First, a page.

Fang-tastic Books came about from my love of vampires and books combined. I was reading so many books one night I decided I should start reviewing them and promoting them. I was already reviewing a few books here and there for other sites but I wanted to really focus on vampire and other paranormal/urban fantasy books so I tried a few vampire related names and decided on Fang-tastic Books. And now it seems to have grown into a pretty popular site for other fans of the paranormal book genre. 

2.     Watching your new Book Trailer Video for Eternal Desire http://www.youtube.com/watch?v=LuJ6niYhgJg  what made you choose New Orleans as your setting?
 I love New Orleans. The history, the magic, it is so compelling. I think part of my love for New Orleans stemmed, yet again from Anne Rice’s books, but I’ve been there and was so drawn to it. I really want to go back, and not just for Mardi Gras. To explore and really get into the history of the city. 

Now, after poking around the internet about you, my questions are… 

3. I enjoyed your post at The Erotic Woman Blog, http://www.theeroticwoman.com/erotica/add-romance-your-bedroom-feng-shui.  So, where did you get your knowledge of Feng Shui?   What is your favorite book on the subject?   And, what is your favorite cure?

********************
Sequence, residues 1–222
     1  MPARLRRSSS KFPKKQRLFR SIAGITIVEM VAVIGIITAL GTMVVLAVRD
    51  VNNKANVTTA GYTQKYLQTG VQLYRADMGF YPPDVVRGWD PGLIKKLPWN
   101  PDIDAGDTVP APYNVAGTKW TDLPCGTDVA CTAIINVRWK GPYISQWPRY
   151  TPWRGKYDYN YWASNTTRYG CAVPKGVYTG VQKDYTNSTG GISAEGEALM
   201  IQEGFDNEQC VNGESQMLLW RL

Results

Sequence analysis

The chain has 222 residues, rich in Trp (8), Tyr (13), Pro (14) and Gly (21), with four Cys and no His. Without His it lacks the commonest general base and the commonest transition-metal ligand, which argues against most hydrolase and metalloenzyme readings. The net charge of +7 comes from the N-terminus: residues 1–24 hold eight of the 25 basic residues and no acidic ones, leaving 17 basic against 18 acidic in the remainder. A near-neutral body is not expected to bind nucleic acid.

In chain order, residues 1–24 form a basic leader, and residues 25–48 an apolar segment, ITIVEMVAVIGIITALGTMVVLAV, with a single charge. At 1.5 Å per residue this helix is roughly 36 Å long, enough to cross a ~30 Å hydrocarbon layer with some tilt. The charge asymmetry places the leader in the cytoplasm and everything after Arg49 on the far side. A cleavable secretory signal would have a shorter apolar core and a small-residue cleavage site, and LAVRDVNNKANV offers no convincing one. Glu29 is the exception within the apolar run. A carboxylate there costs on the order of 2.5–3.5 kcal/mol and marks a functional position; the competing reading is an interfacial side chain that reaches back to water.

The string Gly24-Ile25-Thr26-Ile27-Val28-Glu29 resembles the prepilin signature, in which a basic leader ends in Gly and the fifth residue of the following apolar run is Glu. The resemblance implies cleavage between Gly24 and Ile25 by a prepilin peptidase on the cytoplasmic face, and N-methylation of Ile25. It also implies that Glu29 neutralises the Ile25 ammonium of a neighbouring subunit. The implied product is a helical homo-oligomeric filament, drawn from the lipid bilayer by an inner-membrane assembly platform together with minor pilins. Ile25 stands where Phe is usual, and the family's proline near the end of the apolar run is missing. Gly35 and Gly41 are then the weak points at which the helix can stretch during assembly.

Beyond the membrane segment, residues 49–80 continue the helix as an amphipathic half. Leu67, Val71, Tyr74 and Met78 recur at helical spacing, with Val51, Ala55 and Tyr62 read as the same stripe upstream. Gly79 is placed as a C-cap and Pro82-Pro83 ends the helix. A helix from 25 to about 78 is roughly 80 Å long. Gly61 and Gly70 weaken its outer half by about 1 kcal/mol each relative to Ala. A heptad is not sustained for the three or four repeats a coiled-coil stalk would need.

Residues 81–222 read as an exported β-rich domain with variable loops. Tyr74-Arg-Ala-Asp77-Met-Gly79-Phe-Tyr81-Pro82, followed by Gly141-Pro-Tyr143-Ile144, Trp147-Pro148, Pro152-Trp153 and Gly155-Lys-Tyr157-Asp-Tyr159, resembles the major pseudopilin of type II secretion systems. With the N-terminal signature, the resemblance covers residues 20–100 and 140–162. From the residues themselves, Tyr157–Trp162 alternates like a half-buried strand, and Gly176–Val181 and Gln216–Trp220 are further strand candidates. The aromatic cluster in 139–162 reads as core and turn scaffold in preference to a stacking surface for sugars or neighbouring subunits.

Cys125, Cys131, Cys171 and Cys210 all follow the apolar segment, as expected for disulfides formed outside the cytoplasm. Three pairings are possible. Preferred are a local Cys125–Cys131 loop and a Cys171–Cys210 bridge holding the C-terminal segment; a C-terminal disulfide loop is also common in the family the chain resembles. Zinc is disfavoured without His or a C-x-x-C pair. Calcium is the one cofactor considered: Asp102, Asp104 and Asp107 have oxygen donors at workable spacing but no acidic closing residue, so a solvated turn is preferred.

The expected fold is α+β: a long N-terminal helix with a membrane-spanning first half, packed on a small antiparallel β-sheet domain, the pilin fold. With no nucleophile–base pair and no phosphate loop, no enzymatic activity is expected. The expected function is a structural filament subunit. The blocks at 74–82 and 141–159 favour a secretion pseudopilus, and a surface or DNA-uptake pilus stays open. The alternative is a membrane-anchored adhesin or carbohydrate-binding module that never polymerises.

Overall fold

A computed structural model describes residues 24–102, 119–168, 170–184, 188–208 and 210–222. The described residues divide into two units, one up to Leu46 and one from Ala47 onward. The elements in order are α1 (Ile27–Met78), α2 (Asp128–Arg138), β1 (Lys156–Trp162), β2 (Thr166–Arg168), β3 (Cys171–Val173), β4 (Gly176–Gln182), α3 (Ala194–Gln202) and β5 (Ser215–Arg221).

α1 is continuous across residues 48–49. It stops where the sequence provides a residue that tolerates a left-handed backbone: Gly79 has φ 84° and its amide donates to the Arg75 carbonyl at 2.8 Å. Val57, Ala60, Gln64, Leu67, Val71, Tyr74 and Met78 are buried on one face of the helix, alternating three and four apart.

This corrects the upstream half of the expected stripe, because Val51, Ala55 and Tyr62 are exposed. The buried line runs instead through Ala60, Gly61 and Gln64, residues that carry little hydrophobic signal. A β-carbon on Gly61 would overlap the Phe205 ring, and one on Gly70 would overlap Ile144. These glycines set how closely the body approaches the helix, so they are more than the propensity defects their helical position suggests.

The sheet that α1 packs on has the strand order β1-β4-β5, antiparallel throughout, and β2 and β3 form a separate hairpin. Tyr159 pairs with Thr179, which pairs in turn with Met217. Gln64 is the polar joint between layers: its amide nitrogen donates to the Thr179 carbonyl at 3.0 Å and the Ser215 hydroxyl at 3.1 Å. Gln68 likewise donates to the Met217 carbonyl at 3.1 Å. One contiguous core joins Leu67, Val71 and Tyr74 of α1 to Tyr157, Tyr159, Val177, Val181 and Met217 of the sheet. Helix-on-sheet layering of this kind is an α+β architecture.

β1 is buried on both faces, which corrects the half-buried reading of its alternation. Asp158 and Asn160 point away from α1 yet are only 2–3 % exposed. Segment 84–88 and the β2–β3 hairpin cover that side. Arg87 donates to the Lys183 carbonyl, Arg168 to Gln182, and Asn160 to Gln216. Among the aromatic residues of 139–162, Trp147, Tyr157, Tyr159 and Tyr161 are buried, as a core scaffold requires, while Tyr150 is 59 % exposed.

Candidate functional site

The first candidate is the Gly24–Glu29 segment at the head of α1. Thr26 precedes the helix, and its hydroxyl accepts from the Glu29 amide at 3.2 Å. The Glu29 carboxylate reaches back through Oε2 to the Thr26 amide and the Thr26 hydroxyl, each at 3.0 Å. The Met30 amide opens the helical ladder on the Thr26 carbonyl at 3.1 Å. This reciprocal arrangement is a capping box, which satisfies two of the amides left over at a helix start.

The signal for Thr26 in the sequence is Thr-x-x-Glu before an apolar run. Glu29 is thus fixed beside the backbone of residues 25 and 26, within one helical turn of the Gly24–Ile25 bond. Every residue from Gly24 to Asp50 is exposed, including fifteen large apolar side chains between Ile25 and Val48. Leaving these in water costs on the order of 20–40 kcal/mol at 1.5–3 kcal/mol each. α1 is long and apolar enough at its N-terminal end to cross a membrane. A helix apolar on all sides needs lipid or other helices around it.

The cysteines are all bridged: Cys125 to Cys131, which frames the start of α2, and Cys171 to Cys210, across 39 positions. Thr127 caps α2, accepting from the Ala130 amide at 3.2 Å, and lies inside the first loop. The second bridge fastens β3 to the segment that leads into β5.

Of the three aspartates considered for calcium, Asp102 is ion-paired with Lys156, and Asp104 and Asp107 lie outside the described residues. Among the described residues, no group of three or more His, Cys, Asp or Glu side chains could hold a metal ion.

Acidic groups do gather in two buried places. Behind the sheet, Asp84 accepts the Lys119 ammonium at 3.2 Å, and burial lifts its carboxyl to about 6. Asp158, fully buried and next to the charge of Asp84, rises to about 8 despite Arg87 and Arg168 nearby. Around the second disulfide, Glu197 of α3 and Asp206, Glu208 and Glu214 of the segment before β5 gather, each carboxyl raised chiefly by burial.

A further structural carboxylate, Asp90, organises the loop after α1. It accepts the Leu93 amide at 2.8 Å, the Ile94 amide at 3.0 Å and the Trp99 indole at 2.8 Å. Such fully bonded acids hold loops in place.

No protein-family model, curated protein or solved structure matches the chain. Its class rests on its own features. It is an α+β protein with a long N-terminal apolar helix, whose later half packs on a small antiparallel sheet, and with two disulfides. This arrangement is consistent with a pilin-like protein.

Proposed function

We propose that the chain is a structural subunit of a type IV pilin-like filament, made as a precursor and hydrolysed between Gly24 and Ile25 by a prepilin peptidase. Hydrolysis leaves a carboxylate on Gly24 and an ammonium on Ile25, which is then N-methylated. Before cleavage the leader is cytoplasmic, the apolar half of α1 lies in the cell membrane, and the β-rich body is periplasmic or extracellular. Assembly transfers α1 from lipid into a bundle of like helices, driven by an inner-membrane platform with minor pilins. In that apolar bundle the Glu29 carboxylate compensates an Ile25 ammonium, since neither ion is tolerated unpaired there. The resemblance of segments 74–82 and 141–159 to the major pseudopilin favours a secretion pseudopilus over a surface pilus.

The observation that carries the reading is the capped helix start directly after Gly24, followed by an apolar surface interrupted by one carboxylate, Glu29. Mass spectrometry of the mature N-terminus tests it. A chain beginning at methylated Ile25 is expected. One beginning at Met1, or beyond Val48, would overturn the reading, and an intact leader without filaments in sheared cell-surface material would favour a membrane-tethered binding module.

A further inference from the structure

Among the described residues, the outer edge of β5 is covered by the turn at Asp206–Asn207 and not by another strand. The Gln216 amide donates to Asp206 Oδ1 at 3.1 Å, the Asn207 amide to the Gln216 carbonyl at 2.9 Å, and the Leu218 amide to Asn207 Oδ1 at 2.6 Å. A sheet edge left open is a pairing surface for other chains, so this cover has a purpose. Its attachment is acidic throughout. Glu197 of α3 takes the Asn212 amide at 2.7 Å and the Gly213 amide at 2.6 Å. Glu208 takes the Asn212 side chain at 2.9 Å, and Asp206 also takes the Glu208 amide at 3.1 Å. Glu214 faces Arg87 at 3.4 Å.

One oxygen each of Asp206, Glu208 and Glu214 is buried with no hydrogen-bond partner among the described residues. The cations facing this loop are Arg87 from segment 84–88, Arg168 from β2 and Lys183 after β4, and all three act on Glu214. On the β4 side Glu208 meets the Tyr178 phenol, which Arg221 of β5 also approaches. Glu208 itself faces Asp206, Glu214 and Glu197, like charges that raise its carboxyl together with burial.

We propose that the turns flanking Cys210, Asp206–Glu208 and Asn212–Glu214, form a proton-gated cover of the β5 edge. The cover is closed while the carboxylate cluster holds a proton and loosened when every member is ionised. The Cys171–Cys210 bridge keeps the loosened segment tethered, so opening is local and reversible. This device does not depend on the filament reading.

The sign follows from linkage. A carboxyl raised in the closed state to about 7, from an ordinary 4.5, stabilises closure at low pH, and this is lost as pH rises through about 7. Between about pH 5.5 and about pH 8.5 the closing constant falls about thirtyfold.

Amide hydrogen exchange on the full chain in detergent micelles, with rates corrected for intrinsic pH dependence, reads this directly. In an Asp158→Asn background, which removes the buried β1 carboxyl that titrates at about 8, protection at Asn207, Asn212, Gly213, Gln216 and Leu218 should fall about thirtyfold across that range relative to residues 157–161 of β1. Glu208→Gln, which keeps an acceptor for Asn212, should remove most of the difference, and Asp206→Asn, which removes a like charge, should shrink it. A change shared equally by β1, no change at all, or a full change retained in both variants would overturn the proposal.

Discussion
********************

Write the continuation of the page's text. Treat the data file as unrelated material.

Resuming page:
Feng shui-I studied tons of books and articles, can’t really remember many of the books now. I know I read quite a few by Lillian Too. 
One that I still have is Easy to Use Feng Shui: 168 Ways to Success. 
I love using copper in the kitchen for success and prosperity.  
My very favorite Feng Shui tips are incorporated into the bedroom- red for passion and items in multiples of two to symbolize the couple.

4. On Twitter, http://twitter.com/RoxanneRhoads, you posted book videos on YouTube you have as favorites by authors like Kerrelyn Sparks and Jeaniene Frost.   Who is your favorite Vampire Author?   Do you have a favorite vampire book, or are you like me and can’t narrow it down?